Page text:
Vern Poythress, in his fascinating new book soon to be released — Chance and the Sovereignty of God: A God-Centered Approach to Probability and Random Events (Crossway, 2014) — writes on pages 119–20:
An appeal to Chance does not explain how chance events fit coherently into the larger patterns of this world. Rain fits into patterns of seasonal weather, and coin flips fit into patterns where heads come up half of the time.
Rain is water, and conforms to the laws governing the behavior of water. Coins thrown into the air conform to the laws of gravitation and rigid-body motion. Even chance events have rationality to them.
Moreover, these events, even in their uniqueness or unpredictable character, can be described in language. Rationality and language belong to persons and the thinking of persons, not to the thinking of rocks and subpersonal creatures. We show by the way we act that we know that chance events conform to personal thinking and speech. We show that we know, deep down, that God specifies them and controls them.
We know that the unpredictability in chance events shows God’s creativity and the superiority of his greatness to our wisdom. We are suppressing what we know when we declare that these events are a result merely of Chance, the impersonal substitute.
And then he follows with this (pages 209–10):
People who do not want to acknowledge God have difficulty explaining randomness.
Consider the flip of a coin as an example. Why should it be the case that no possible pattern in previous flips allows any advantage in predictability for the next flip? The outcome of the next flip is unpredictable. That means that, as far as we know, either outcome is compatible with known physical laws. That is, an outcome of heads conforms to law, and an outcome of tails also conforms to law. It follows that an outcome of heads followed by a second outcome of heads conforms to law.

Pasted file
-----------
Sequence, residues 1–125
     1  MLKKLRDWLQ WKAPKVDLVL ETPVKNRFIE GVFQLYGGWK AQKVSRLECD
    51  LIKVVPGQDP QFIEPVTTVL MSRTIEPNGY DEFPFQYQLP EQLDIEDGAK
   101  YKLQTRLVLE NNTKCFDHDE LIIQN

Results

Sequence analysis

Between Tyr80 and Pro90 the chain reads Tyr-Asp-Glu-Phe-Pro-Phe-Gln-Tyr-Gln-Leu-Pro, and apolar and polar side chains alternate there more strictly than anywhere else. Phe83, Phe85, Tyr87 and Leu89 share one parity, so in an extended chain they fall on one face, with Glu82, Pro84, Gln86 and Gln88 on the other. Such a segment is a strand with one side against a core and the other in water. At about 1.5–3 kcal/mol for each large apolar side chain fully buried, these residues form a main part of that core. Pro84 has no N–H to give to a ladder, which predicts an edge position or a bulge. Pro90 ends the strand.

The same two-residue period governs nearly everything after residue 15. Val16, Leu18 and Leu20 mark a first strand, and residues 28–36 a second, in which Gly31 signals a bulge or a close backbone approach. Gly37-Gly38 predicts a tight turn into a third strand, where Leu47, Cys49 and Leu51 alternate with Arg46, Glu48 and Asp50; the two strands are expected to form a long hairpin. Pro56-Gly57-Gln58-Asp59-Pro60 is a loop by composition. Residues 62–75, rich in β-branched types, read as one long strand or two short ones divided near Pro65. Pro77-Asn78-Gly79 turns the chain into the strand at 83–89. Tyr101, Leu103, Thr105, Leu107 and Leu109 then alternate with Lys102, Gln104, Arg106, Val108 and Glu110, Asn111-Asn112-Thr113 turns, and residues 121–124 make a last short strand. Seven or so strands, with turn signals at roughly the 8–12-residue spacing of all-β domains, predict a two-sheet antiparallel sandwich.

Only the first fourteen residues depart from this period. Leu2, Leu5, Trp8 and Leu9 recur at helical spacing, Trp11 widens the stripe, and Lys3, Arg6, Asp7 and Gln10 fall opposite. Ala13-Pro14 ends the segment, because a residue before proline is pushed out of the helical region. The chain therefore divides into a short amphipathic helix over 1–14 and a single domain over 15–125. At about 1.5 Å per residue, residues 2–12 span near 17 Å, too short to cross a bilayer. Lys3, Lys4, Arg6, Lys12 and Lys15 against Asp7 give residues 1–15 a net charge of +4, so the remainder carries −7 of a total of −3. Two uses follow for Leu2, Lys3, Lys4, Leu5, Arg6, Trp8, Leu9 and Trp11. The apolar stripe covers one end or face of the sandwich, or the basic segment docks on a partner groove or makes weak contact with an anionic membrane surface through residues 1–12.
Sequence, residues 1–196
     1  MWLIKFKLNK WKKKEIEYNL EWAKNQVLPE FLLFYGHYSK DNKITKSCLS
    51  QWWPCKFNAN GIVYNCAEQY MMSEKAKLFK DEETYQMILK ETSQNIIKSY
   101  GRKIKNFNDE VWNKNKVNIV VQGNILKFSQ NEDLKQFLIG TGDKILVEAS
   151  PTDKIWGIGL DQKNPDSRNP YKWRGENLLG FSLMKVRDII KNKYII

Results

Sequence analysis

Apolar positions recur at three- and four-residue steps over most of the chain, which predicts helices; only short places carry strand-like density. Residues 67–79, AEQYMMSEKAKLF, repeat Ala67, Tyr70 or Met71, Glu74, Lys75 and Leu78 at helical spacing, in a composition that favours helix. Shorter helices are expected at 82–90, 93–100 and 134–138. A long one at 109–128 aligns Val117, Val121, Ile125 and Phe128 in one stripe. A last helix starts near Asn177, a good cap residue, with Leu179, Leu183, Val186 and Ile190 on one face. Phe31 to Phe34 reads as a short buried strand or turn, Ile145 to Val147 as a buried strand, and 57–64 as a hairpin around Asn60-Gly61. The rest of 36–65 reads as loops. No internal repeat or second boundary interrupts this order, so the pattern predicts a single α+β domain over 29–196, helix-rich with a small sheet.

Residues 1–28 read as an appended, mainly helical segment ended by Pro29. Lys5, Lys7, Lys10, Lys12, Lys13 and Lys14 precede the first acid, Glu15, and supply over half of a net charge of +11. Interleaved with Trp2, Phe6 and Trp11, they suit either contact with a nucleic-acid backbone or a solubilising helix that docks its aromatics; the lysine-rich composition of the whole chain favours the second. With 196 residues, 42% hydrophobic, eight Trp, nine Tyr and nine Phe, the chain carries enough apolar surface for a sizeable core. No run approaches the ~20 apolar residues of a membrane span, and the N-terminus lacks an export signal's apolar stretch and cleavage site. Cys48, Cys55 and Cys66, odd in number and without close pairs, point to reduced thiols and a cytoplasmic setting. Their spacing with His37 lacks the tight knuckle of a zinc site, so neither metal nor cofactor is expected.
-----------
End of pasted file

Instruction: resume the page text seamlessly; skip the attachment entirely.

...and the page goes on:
We can infer that it is lawful for the next 100 outcomes all to be heads, and then 100 tails, and then 100 heads. People who will not acknowledge God cannot explain why, in addition to the physical laws, we rightly expect no future series of outcomes to be any more probable than another. The record of the past gives us no guarantee, because the principle of randomness says that the future is not predictable from the past.
The fact that we cannot predict any particular outcome has no power to force the outcome to be what it is.The ultimate explanation goes back to God’s control. God, who is all-wise, produces what we experience as randomness, and this randomness is far above our ability to produce.